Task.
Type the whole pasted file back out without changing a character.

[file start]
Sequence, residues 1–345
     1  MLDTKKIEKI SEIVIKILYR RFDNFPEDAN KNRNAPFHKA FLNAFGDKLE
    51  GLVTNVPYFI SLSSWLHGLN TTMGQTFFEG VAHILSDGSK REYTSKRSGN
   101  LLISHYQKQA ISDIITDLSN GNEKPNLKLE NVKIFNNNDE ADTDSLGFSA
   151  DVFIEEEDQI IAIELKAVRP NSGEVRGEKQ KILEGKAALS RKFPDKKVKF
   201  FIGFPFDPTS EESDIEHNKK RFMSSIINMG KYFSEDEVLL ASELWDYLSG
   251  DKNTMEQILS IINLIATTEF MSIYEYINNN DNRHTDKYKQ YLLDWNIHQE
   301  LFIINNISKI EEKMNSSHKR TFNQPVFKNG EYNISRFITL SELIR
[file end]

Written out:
Sequence, residues 1–345
     1  MLDTKKIEKI SEIVIKILYR RFDNFPEDAN KNRNAPFHKA FLNAFGDKLE
    51  GLVTNVPYFI SLSSWLHGLN TTMGQTFFEG VAHILSDGSK REYTSKRSGN
   101  LLISHYQKQA ISDIITDLSN GNEKPNLKLE NVKIFNNNDE ADTDSLGFSA
   151  DVFIEEEDQI IAIELKAVRP NSGEVRGEKQ KILEGKAALS RKFPDKKVKF
   201  FIGFPFDPTS EESDIEHNKK RFMSSIINMG KYFSEDEVLL ASELWDYLSG
   251  DKNTMEQILS IINLIATTEF MSIYEYINNN DNRHTDKYKQ YLLDWNIHQE
   301  LFIINNISKI EEKMNSSHKR TFNQPVFKNG EYNISRFITL SELIR